On April 3rd all the conditions were adding up to be a pretty good permit day – wind was calm, sun was high, tides were just right and the water temp had warmed up enough for them to really get onto the flats. I hit the water with Randy Morrow, Brooks Beatty, Jameson Redding, Alex Tejada and Esteban Guttierez, all members of the Jackson Kayak fishing team. I had rigged up a really cool poling platform on my Jackson Kayak SUPerFISHal and had an incredible view from on high where I could see fish very well.
I had seen 3 permit already and couldn’t connect with any of them for reasons I’ve already mentioned above. I thought I had missed my opportunity on such a perfect day. However, in the afternoon I saw one more in some moderately windy afternoon conditions. Many times a moderate 10-15mph wind can help because it allows you some time before they see or sense your presence. Of course it can make boat control and seeing in the water very difficult as well. In this case I saw the fish and gently laid my YakAttack 12-foot push pole down and picked up my rod with a small live blue crab on it (about the only thing you can get permit to eat consistently). I had one shot at making the right cast. I grabbed my Daiwa Certate reel and made the perfect cast about 5-7 feet away from where it was facing. Sure enough the fish bit and the fight was on!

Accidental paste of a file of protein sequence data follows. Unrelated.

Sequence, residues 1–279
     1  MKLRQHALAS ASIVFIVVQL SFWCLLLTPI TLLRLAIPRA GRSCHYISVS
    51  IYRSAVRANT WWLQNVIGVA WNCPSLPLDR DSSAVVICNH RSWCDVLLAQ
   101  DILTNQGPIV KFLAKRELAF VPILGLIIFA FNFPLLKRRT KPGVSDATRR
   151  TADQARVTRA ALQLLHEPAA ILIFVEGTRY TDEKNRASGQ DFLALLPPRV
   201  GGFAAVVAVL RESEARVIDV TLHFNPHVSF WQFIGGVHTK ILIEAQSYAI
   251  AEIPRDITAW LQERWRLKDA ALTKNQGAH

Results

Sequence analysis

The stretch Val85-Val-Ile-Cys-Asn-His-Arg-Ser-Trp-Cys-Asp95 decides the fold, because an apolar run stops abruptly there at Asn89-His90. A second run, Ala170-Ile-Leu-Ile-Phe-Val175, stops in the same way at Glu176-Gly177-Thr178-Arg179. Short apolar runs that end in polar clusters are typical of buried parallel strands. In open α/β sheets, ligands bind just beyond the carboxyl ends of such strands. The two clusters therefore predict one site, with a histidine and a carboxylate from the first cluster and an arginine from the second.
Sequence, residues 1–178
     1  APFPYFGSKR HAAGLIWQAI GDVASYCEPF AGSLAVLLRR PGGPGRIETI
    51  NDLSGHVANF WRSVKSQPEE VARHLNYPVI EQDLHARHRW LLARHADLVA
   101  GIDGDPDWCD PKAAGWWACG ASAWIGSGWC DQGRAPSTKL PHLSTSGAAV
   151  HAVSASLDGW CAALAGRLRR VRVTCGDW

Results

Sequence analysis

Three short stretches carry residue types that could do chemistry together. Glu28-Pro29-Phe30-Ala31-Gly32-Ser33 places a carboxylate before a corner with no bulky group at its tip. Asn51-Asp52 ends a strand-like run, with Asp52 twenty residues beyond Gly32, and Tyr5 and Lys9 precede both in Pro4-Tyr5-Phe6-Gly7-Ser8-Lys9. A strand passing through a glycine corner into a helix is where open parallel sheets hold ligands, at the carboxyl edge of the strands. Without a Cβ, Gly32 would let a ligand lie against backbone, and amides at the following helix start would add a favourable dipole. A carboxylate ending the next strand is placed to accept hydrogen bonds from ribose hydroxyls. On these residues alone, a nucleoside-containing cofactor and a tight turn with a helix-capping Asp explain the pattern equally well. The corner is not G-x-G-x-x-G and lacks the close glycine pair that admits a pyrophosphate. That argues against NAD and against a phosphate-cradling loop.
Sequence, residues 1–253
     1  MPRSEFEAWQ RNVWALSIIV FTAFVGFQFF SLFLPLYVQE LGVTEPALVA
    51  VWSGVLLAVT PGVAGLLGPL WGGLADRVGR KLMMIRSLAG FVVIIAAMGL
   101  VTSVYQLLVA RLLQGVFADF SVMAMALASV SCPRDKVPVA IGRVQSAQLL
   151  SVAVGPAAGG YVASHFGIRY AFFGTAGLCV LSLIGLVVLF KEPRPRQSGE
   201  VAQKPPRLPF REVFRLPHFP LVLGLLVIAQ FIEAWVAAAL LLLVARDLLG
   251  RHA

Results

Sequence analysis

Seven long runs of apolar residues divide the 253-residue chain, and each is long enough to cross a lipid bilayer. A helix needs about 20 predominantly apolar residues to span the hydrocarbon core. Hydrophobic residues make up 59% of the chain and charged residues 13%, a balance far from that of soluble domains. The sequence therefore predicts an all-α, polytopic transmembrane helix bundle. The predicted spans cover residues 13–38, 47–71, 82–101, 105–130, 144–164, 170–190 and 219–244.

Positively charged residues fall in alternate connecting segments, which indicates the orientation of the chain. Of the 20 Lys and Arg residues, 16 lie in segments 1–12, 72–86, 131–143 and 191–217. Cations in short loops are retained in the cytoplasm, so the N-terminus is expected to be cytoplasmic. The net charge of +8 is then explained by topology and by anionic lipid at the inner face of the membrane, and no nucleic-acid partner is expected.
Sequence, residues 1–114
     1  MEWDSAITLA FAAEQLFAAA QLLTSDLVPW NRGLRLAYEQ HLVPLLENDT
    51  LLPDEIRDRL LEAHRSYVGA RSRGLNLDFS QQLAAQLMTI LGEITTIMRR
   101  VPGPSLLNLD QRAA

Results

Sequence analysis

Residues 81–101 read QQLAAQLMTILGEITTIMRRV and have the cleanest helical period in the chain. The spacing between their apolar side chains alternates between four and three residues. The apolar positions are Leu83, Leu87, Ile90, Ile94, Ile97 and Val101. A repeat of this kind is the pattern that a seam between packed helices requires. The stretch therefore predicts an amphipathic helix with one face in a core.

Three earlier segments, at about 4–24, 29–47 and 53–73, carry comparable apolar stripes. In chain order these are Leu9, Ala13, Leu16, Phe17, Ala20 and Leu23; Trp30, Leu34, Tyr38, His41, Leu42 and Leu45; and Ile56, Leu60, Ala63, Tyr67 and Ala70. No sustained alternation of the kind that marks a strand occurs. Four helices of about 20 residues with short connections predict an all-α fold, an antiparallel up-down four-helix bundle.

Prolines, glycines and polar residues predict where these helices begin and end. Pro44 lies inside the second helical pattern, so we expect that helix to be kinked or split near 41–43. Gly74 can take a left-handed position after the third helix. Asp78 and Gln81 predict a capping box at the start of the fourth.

I was standing on top of my platform, on an SUP, about 30 inches off of the water fighting this fish – it was awesome! It took about 10 minutes or so to land this beautiful permit and it was cool to look back andthink that I am most likely one of the first to catch one off of a paddleboard. It wasn’t a giant (they can reach 50lbs!) but it was still a very solid permit that I am super proud of.
I love achieving new goals, exploring new water and catching new fish that provide the next personal first or a new challenge. Similarly, it’s cool to be a part of a brand that keeps innovating and pioneering new advances in kayak fishing because the challenge of “firsts” and pushing the limits on what we can all do is what keeps things interesting. I hope this article pumps you up to take on your next challenge or “first;” I know I’m already thinking about my next “first!”
If fishing in the Keys and trying to catch some of these fish of a lifetime on a kayak is something you think you’d want to do, then I would suggest calling Randy up at 305-923-4643. Then, I’d ring Parmers Resort at 305-872-2157 because it is the perfect place to stay since they have amazing accommodations right on the water and give discounts to kayak anglers (just mention my name) and are so close to the good fishing, restaurants and your kayak fishing guide, Randy. Just being there in such a warm beautiful environment is well worth the trip!
Here are ALL the photos of this very historic permit! Enjoy!